GDC: Day 2 continued
After our presentation, the rest of the day for me consisted of the IGDA ‘working lunch’ for academics and industry people, followed by Jesse Schells talk about his book and finishing with the IGDA party which continued into the wee hours.
The working lunch consisted of tables of students academics and industry folk sitting together and talking about the relationship between education and industry. I think we decided that they were both good ideas.
I didn’t get the names of the other people at my table, but what stood out for me was the need for programmers, designers and artists to learn to communicate and understand each other’s worlds, if they are going to work together on teams. A programmer doesn’t need to know how to make art, but she does need to know how to talk to an artist and have some appreciation of what constraints the artist has to deal with in his work, so that she doesn’t expect him to do the impossible. And vice versa.
To this end, cross-disciplinary programs are a must. Students need to have some exposure to working together with their colleagues from different disciplines before they enter the workforce. Setting up this kind of cross-disciplinary work it very difficult in practice, due to bureaucracy and inter-school rivalry for funding. Ideally this is what universities should be good at, and the higher-ups all pay lip service to this ideal, but in practice it is unnecessarily difficult to make happen, at least in my experience.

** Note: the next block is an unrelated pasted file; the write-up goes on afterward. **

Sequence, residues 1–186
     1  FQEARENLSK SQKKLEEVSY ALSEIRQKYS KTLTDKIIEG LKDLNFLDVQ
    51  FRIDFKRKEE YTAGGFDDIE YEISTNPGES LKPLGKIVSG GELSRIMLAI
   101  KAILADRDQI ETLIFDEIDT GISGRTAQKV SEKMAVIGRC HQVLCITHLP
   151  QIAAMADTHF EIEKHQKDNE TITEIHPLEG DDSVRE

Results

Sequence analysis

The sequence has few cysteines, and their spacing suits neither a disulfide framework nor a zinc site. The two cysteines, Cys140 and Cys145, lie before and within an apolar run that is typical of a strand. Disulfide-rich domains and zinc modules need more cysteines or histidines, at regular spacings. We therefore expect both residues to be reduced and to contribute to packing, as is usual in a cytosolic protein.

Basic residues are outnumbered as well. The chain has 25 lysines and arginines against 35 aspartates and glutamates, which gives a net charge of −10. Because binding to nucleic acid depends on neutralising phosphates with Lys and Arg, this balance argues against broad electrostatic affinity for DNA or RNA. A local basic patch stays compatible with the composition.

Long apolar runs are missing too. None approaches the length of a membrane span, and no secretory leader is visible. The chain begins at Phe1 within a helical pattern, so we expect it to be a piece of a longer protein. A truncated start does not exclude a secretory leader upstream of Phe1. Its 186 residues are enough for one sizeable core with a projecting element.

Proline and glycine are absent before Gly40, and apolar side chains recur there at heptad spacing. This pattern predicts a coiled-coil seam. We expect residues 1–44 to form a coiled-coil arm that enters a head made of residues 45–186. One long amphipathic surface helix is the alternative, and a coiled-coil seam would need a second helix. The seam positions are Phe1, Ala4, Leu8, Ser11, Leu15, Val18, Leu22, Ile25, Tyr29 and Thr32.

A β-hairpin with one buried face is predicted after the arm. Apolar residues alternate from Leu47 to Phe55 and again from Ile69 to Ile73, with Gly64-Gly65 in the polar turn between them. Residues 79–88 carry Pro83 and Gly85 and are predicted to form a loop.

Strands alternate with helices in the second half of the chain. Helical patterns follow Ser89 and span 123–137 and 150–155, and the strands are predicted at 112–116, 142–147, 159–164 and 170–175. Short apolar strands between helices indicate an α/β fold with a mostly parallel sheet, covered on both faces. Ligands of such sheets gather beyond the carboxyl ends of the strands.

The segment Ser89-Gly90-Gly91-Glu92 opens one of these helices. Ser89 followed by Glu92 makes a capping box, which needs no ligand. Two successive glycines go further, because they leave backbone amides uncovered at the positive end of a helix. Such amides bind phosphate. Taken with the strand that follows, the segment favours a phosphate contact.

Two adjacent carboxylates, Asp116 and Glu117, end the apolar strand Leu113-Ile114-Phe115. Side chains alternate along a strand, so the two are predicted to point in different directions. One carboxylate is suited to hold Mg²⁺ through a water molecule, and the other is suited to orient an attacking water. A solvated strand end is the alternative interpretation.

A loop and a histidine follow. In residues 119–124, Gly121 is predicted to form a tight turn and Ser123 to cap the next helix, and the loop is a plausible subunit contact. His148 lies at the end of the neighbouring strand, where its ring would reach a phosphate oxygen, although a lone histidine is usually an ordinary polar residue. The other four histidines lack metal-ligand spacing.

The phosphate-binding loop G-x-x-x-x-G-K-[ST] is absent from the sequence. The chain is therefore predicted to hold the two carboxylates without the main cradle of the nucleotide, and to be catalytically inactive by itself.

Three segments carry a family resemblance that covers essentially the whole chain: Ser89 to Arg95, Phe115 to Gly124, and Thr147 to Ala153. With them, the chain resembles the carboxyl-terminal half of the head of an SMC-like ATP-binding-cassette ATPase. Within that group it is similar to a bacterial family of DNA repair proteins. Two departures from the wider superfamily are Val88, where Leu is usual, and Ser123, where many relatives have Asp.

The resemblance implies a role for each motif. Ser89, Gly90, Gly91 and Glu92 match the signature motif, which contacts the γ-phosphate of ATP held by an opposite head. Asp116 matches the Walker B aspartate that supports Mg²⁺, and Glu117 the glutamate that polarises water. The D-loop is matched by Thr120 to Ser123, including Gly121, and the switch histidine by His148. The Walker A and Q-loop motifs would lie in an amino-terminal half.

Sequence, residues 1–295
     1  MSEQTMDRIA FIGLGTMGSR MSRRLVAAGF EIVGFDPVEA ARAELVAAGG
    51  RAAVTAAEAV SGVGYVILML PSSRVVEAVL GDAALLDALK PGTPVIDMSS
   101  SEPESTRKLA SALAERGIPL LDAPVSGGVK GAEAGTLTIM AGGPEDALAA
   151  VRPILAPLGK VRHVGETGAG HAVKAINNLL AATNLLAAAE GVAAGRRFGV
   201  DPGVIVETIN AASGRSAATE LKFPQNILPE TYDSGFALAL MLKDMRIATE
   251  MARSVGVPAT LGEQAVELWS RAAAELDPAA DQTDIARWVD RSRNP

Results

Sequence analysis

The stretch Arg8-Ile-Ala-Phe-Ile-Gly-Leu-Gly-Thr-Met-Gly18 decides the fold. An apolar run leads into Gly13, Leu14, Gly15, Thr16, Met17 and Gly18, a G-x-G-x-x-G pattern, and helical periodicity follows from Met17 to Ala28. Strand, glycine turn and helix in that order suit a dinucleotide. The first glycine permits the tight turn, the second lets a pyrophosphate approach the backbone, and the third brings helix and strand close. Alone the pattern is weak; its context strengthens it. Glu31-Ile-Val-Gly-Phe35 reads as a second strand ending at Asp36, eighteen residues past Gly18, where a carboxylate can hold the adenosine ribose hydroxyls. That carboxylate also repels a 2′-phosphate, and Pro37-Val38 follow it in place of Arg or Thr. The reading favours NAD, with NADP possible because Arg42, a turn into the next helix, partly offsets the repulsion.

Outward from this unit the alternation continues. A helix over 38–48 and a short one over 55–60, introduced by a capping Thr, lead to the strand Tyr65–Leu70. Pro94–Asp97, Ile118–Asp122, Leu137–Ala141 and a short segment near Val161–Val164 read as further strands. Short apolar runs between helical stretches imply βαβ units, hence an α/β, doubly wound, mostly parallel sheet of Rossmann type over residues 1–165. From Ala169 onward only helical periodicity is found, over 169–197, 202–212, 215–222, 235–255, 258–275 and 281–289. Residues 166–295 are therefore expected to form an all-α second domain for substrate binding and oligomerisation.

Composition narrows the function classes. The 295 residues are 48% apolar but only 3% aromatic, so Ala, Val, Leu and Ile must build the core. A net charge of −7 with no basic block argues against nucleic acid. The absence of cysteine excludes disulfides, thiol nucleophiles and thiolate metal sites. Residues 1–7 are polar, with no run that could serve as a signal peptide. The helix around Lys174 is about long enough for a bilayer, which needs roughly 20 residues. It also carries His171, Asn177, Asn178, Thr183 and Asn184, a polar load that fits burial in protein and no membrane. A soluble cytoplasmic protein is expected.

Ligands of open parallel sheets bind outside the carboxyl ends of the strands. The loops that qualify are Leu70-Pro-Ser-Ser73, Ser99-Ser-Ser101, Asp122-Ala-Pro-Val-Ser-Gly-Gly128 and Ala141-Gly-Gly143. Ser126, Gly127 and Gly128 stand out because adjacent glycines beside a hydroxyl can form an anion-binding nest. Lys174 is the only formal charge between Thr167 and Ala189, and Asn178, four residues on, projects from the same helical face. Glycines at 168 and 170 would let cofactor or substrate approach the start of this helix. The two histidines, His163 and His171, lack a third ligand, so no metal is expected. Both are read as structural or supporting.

After lunch I attended Jesse Schell’s talk about his book. His theme was “how to talk about my book without having read it” and he provided a very elegant potted summary with one key sentence for each chapter. I don’t know if he is going to put his slides online, but if you can find them they are well worth reading.
Jesse mentioned that he had a lot of third-party reading material that he also wanted to include in the book but cut for space reasons. He’s promised to send me his reading list, which should keep me in blog material for years. One author he strongly recommended was Christopher Alexander, author of the Pattern Language book. After the talk I was standing in conversation with Jesse and Warren Spector, and they were making plans to invite Alexander to next year’s GDC. I think it would be a great idea. I wonder whether he even realises that he is idolised by so many game developers.
Talking of design patterns, I met Staffan Bjork at the IGDA party. He is one of the authors of Patterns in Game Design, a book of game-related design pattern with what I think are… serious shortcomings. The book came up in conversation and not realising who Staffan was I almost launched into a stinging critique. Fortunately I hesitated long enough to realise who I was talking to and avoided embarassing myself. It turned out that he kind of agreed with me… but more on that when I actually get around to reviewing it.